Top 10 Unesco World Heritage Sites In Europe

Venice and its Lagoon – Italy – Top 10 Unesco World Heritage Sites In Europe – A World to Travel

Planning to go on a trip to Europe? Europe, as written in history books, is the birthplace of Western civilization. Although much smaller than its neighboring continents, it was the center stage of a number of historical periods that made a great impact on the world. This is the main reason why many people consider it the most interesting place to see, aside from its physical beauty and diversity.

When on a European trip, it is a great idea to visit these top 10 Unesco World Heritage Sites in Europe that truly showcase the continent’s splendid history, rich cultural heritage, and natural splendor.

Stonehenge and Avebury, United Kingdom

The UNESCO World Heritage website describes Stonehenge as the most architecturally sophisticated prehistoric circle in the world, while Avebury is the largest.

The site contains standing stone formations believed to have astrological significance, but the real purpose remains obscure up to this day.

Venice and its Lagoon, Italy

The city of Venice, famously known for its lagoon and gondolas, was founded in the 5th century AD when Venetian settlers sought refuge in its islands after fleeing the Barbarian Invasion. It became a major maritime power in the 10th century which brought architectural development and spawned considerable influence by some of the world’s greatest artists.

These timeless works could be seen throughout the city’s structures consisting of impressive bridges, palaces, piazzas, and cafes. The city in itself is an astonishing cultural and architectural masterpiece.

Piazza del Duomo, Italy

Of the many UNESCO heritage sites in Tuscany, the Piazza del Duomo understandably stands out. Located in the city of Florence where the Renaissance was born, this exciting place teems with resplendent cultural and historical masterpieces.

Here you will be enthralled by the artistic genius of Brunelleschi’s great dome in Florence’s cathedral; Giotto’s marble-faced tower; the baptistery with Ghiberti’s works; and the bronze doors of the Gates of Paradise, among others.

Acropolis, Greece

The Acropolis of Athens is probably the greatest memento of the legacy that Ancient Greece bestowed upon the world when it built the structure during the establishment of democracy in the city-state. After emerging victorious over the Persians, Athenian artists and sculptors built the Acropolis and its monuments atop the rocky hill to commemorate thought and the arts.

The Parthenon, the Erechtheon, the Propylaea, and the small temple Athena Nike are all part of this architectural and artistic creation that serves as a reminder of Athens’ major contribution to culture and civilization.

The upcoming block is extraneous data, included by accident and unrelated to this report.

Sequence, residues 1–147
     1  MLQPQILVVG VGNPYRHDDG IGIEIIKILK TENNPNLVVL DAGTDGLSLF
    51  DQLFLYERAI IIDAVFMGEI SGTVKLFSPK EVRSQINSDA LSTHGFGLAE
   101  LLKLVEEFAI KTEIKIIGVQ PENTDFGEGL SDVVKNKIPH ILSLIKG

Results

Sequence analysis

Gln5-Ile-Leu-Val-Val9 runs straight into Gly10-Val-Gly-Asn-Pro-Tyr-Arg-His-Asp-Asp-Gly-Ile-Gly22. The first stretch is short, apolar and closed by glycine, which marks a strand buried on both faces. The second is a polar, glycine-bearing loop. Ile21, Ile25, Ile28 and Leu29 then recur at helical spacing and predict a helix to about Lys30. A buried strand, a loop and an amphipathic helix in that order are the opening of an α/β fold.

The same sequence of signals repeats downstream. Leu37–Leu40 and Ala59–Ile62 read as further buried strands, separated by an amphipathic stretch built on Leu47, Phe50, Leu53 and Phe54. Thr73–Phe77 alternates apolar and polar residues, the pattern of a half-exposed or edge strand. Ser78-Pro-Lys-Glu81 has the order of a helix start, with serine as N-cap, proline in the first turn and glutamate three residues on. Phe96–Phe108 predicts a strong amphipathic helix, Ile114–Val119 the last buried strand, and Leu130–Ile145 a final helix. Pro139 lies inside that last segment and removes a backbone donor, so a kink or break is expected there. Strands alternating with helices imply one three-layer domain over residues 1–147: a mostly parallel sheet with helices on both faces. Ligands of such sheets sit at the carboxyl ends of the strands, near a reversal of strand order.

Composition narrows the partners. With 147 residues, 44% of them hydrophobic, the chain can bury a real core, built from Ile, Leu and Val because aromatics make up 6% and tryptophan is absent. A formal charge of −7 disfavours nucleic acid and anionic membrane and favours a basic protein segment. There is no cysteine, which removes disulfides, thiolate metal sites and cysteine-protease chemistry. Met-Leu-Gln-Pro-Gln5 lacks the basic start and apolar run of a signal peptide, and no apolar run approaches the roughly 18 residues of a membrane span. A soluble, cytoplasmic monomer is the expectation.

Vatican City, Holy See

At the center of Christendom is St. Peter’s Basilica, the largest sacred building in the world, founded by Constantine in the 4th century, is found. It is concrete testimony of the combined mastery and genius of Raphael, Bramante, Bernini, Michelangelo, and Maderno.

Ruins of the circus of Caligula and Nero, and a 1st century AD Roman necropolis, where St. Peter’s tomb is located, exist beneath the basilica. Within the confines of the Vatican City lies a unique collection of artistic and architectural works of art intertwined with the history of Christianity.

Pont du Gard (Roman Aqueduct), France

This ancient bridge, which consists of three levels and stands at almost 50 meters high, was created even before the Christian era with the purpose of bringing the 50-kilometer aqueduct of Nîmes to cross the Gard River.

The knowledge and technical expertise employed by Roman engineers and architects in the design and construction of this bridge brought about the creation of this architectural engineering marvel.

Kremlin and Red Square, Russia

At the heart of Moscow is the Kremlin, the official residence of the President of Russia. It is a walled complex of palaces, museums, and churches sitting on a hill rising above the Moscow River.

The site looms over Red Square, which hosts the colorful domes of St. Basil’s Cathedral and the Lenin Mausoleum. Going further ahead, one can find the Cathedral of Christ the Saviour, the New Maiden’s Convent, and the Moscow State University, among others.

The Moska River embankment provides breathtaking views of the Kremlin, which was long ago a residence of tsars, and which now symbolizes the Russian nation.

Historic Centre of Saint Petersburg, Russia

Lying on the Neva River and at the Gulf of Finland on the Baltic Sea, Saint Petersburg is home to more than two thousand well-preserved palaces and Baroque/neo-classical buildings. A must-see when visiting Russia is the Peter and Paul Fortress and Cathedral in Zayachy Island.

Abound with more than 200 museums and galleries and more than 2000 libraries and theaters, it is surely the epicenter of Russia’s artistic and cultural heritage.

Historic Centre of Prague, Czech Republic

Situated in one of the most beautiful cities in Europe, the historic center boasts of its richness in architectural expression through its magnificent monuments built throughout all periods of its history.

Significant structures include the Prague Castle, the Cathedral of St. Vitus, the Gothic Charles Bridge, the Romanesque Rotunda of the Holy Rood, and the medieval church of the Nativity of the Virgin Mary, to name a few.

Ancient City of Nessebar, Bulgaria

The ancient city of Nessebar sits on a rocky span of land in the Black Sea and has withstood the ravages of time for the past 3,000 years. It is a place where the Greeks built an acropolis, a temple of Apollo, an agora, and walled fortifications.

The surviving remains provide testimony of Bulgarian cultural and historical heritage.